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Benjamin L. Castleman

Kelli A. Bird, Benjamin L. Castleman, Yifeng Song.

Predictive analytics are increasingly pervasive in higher education. However, algorithmic bias has the potential to reinforce racial inequities in postsecondary success. We provide a comprehensive and translational investigation of algorithmic bias in two separate prediction models -- one predicting course completion, the second predicting degree completion. Our results show that algorithmic bias in both models could result in at-risk Black students receiving fewer success resources than White students at comparatively lower-risk of failure. We also find the magnitude of algorithmic bias to vary within the distribution of predicted success. With the degree completion model, the amount of bias is nearly four times higher when we define at-risk using the bottom decile than when we focus on students in the bottom half of predicted scores. Between the two models, the magnitude and pattern of bias and the efficacy of basic bias mitigation strategies differ meaningfully, emphasizing the contextual nature of algorithmic bias and attempts to mitigate it. Our results moreover suggest that algorithmic bias is due in part to currently-available administrative data being less useful at predicting Black student success compared with White student success, particularly for new students; this suggests that additional data collection efforts have the potential to mitigate bias.

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Kelli A. Bird, Benjamin L. Castleman.
Recent work highlights the challenge of scaling evidence-based strategies to achieve social policy objectives. We evaluate, through a randomized control trial, a national financial incentive program designed to increase student engagement with college advising and completion of college and financial aid milestones that prior experimental studies demonstrate contribute to increased college enrollment and success. We find substantial positive effects of the incentive program on each of the incented behaviors: Treated students were more likely to engage regularly with a college advisor; apply to well-matched colleges and universities; and meet with an advisor to review their financial aid awards and discuss college costs. Yet students randomly offered the incentives were no more likely to enroll at higher-quality colleges and universities, despite being high in the distribution of college entrance exam scores and from a socioeconomic background that many institutions indicate is central to their diversity goals. Student responses to a survey administered the summer and fall after high school suggest that lack of admission to the most selective institutions, lack of affordability at selective institutions to which students were admitted, and student preferences to attend institutions closer to home explain the lack of enrollment effects.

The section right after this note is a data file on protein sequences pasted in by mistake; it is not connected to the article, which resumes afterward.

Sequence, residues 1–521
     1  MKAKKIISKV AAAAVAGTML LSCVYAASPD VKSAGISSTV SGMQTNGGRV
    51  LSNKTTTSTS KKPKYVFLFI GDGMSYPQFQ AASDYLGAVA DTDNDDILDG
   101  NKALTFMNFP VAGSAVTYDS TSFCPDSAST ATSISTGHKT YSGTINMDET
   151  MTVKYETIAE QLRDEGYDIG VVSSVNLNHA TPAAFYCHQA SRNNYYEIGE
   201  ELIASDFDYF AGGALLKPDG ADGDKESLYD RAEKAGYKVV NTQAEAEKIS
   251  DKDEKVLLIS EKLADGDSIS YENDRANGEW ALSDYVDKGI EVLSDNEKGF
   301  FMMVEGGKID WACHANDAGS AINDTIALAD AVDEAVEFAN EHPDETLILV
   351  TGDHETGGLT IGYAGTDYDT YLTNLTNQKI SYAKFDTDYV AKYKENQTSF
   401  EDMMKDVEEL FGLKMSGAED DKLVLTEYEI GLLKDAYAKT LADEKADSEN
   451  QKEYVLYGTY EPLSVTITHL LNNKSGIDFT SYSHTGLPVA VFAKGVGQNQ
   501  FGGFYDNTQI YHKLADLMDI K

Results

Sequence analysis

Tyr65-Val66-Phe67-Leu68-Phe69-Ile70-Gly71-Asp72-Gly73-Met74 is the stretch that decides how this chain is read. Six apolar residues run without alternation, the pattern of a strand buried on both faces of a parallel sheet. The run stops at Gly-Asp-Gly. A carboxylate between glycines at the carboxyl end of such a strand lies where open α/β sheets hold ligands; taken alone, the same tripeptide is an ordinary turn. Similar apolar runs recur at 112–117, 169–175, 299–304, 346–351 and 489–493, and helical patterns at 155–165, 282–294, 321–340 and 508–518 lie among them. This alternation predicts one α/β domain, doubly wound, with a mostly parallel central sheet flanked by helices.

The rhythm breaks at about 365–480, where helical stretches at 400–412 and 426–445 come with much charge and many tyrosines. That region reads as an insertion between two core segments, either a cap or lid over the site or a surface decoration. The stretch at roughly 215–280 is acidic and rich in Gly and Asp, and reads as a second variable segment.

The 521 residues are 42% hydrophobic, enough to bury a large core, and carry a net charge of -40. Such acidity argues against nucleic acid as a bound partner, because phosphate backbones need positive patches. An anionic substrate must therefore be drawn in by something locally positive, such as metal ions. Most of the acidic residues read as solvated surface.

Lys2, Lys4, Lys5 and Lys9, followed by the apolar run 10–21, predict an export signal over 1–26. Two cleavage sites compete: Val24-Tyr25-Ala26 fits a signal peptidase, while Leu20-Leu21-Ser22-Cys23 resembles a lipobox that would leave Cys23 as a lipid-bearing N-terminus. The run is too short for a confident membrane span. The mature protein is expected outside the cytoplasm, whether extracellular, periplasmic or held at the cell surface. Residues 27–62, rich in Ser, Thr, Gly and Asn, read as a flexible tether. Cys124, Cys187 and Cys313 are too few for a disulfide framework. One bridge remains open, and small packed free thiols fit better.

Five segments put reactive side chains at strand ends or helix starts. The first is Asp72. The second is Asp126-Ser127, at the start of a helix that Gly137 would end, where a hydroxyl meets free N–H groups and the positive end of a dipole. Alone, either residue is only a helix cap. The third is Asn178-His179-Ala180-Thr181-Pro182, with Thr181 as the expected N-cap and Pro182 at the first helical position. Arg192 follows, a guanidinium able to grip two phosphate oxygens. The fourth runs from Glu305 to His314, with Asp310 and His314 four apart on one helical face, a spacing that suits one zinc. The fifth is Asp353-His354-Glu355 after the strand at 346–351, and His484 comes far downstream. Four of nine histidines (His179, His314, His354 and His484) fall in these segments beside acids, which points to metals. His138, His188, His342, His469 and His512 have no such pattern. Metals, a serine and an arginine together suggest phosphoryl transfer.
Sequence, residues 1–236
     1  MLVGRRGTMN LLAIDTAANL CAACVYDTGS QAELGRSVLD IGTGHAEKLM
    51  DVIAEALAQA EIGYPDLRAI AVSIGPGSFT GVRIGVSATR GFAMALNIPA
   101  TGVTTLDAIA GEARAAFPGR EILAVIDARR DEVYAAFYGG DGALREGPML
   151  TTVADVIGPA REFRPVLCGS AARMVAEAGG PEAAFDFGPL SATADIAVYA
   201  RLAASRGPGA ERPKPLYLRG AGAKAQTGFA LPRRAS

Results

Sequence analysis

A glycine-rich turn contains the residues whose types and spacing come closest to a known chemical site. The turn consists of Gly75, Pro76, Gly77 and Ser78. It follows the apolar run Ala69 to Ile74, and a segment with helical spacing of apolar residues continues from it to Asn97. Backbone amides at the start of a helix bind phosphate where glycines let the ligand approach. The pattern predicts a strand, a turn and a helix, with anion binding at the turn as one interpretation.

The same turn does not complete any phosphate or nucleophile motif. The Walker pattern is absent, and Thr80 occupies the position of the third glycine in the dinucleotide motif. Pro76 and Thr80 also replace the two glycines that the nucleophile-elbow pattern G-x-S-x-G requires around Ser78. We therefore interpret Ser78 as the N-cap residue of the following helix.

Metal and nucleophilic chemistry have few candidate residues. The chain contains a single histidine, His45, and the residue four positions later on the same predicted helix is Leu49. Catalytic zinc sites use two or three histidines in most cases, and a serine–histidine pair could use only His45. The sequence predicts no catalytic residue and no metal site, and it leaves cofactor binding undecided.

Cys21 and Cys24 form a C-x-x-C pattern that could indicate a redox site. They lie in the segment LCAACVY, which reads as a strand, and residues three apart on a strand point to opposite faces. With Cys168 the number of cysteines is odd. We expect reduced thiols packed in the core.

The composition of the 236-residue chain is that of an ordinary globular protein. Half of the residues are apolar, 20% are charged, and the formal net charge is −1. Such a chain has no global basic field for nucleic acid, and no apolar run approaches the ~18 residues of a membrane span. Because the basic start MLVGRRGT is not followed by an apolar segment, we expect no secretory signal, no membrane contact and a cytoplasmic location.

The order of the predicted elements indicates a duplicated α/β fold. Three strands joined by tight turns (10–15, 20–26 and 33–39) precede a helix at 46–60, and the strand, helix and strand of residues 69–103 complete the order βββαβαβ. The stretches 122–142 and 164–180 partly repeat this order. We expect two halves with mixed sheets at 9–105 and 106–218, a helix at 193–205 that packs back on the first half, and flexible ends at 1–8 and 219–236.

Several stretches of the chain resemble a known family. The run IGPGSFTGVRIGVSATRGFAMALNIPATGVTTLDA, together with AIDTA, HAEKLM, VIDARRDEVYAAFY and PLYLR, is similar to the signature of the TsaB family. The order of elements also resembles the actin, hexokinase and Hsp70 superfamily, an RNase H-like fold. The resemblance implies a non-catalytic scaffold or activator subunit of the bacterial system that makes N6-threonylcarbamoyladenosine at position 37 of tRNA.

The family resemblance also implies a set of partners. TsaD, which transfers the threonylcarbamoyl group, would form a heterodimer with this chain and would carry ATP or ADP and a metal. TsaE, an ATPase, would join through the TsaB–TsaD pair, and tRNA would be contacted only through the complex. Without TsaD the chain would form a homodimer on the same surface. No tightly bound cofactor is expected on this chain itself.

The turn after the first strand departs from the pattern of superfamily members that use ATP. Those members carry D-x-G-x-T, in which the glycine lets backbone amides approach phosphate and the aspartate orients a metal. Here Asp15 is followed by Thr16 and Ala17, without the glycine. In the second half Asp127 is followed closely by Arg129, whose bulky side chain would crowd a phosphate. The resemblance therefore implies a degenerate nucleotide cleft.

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Suchitra Akmanchi, Kelli A. Bird, Benjamin L. Castleman.

Prediction algorithms are used across public policy domains to aid in the identification of at-risk individuals and guide service provision or resource allocation. While growing research has investigated concerns of algorithmic bias, much less research has compared algorithmically-driven targeting to the counterfactual: human prediction. We compare algorithmic and human predictions in the context of a national college advising program, focusing in particular on predicting high-achieving, lower-income students’ college enrollment quality. College advisors slightly outperform a prediction algorithm; however, greater advisor accuracy is concentrated among students with whom advisors had more interactions. The algorithm achieved similar accuracy among students lower in the distribution of interactions, despite advisors having substantially more information. We find no evidence that the advisors or algorithm exhibit bias against vulnerable populations. Our results suggest that, especially at scale, algorithms have the potential to provide efficient, accurate, and unbiased predictions to target scarce social services and resources.

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Kelli A. Bird, Benjamin L. Castleman, Yifeng Song, Renzhe Yu.

Data science applications are increasingly entwined in students’ educational experiences. One prominent application of data science in education is to predict students’ risk of failing a course in or dropping out from college. There is growing interest among higher education researchers and administrators in whether learning management system (LMS) data, which capture very detailed information on students’ engagement in and performance on course activities, can improve model performance. We systematically evaluate whether incorporating LMS data into course performance prediction models improves model performance. We conduct this analysis within an entire state community college system. Among students with prior academic history in college, administrative data-only models substantially outperform LMS data-only models and are quite accurate at predicting whether students will struggle in a course. Among first-time students, LMS data-only models outperform administrative data-only models. We achieve the highest performance for first-time students with models that include data from both sources. We also show that models achieve similar performance with a small and judiciously selected set of predictors; models trained on system-wide data achieve similar performance as models trained on individual courses.

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Brian Heseung Kim, Kelli A. Bird, Benjamin L. Castleman.